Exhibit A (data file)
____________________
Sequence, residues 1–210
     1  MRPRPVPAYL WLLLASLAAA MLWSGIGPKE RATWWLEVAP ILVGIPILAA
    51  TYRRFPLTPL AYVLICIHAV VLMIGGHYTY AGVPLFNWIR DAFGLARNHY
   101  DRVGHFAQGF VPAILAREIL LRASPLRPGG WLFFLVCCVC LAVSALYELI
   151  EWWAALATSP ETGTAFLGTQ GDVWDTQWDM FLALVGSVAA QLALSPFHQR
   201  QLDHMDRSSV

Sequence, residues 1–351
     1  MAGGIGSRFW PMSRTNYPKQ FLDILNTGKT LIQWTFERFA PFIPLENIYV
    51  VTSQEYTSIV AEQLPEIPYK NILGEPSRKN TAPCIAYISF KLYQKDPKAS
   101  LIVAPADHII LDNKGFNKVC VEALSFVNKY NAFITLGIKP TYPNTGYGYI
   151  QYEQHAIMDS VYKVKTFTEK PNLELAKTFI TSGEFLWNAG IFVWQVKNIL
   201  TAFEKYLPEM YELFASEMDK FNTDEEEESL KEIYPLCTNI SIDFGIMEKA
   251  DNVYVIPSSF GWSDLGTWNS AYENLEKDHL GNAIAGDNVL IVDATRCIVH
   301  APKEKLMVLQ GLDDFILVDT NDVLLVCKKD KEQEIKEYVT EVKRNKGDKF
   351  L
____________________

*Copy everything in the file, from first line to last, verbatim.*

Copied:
Sequence, residues 1–210
     1  MRPRPVPAYL WLLLASLAAA MLWSGIGPKE RATWWLEVAP ILVGIPILAA
    51  TYRRFPLTPL AYVLICIHAV VLMIGGHYTY AGVPLFNWIR DAFGLARNHY
   101  DRVGHFAQGF VPAILAREIL LRASPLRPGG WLFFLVCCVC LAVSALYELI
   151  EWWAALATSP ETGTAFLGTQ GDVWDTQWDM FLALVGSVAA QLALSPFHQR
   201  QLDHMDRSSV

Sequence, residues 1–351
     1  MAGGIGSRFW PMSRTNYPKQ FLDILNTGKT LIQWTFERFA PFIPLENIYV
    51  VTSQEYTSIV AEQLPEIPYK NILGEPSRKN TAPCIAYISF KLYQKDPKAS
   101  LIVAPADHII LDNKGFNKVC VEALSFVNKY NAFITLGIKP TYPNTGYGYI
   151  QYEQHAIMDS VYKVKTFTEK PNLELAKTFI TSGEFLWNAG IFVWQVKNIL
   201  TAFEKYLPEM YELFASEMDK FNTDEEEESL KEIYPLCTNI SIDFGIMEKA
   251  DNVYVIPSSF GWSDLGTWNS AYENLEKDHL GNAIAGDNVL IVDATRCIVH
   301  APKEKLMVLQ GLDDFILVDT NDVLLVCKKD KEQEIKEYVT EVKRNKGDKF
   351  L